I’ve got mail. Lots of it.

As I write this, I’ve just spent the last hour (10-11pm) writing emails.

Those who know me will have realised that emails take up many hours of my day.  I have 4 accounts in use at the moment, and also alias email addresses for different “hats” within email accounts.  The sole reason I got my first smartphone a few years back was so that I could access emails on the go.

I’ve been given advice on establishing an “email hour” with new and old contacts, and how to get long-term contacts used to the idea that I might not email back for a while.  Yet, I still haven’t managed to bring myself to do any of this.

The thought of being away without access to emails for a week, by choice or not, scares me – purely because I know what’ll be waiting when I reconnect.

What are your strategies for email management?  How long do you spend on yours?  What is your email traffic like?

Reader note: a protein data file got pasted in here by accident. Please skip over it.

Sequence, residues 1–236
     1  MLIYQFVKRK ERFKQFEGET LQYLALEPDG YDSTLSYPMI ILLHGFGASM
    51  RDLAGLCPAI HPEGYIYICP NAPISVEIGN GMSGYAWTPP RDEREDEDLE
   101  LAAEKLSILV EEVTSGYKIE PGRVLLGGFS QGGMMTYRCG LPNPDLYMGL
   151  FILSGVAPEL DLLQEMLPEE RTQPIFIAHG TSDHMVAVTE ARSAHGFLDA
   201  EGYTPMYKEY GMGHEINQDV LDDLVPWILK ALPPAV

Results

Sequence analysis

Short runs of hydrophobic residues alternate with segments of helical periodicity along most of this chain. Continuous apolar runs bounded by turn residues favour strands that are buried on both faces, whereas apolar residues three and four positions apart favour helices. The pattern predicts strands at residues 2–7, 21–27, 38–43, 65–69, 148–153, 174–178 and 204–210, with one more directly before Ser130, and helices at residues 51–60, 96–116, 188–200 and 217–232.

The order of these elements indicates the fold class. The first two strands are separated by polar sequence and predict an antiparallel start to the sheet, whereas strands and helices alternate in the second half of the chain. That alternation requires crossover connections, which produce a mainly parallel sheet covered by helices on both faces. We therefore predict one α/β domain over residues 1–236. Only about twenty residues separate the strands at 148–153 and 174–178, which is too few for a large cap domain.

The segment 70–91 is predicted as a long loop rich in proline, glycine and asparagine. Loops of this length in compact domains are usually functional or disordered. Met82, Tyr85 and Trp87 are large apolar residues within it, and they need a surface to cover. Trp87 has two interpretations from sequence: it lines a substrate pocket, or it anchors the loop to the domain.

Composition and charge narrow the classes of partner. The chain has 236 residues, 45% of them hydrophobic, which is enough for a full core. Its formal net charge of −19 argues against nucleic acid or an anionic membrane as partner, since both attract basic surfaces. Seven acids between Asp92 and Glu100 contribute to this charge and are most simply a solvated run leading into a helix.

In recent months, I have changed my phone syncing preferences so that I only get emails to my phone a handful of times a day.  This has helped, and I rarely reply to emails from my phone anymore, unless it’s really important and I know I won’t be at a computer for the rest of the day.

At the moment I’m torn between whether I should try an email hour a day for all emails, or setting aside a few hours once a week to get through all of my emails for one or two particular hats.  The problem is, I’m not sure there exists a day where I’m consistently in the same place, with the same free hour to do emails – seminars, meetings etc.   I can’t be sure that the WiFi on the train will work for me to use my morning commute, and the train home is usually too busy to get my computer out.  Lunchtime is when I stop looking at the computer for an hour, and I’d rather not deal with emails in the evening when I get home  – I’m not even in my pyjamas yet and it’s nearly midnight!

Having thought about what I can do that works for me short-term without confining myself to a set time for emails, tonight I took a big step… I have officially changed my syncing preferences on MacMail to… MANUAL.  Here’s hoping I remember this decision in the morning, or I might wonder why I haven’t got mail by lunchtime…!

I’m off to send one last email, then I think it’s time for bed.

My Musical History – Part 2: Skills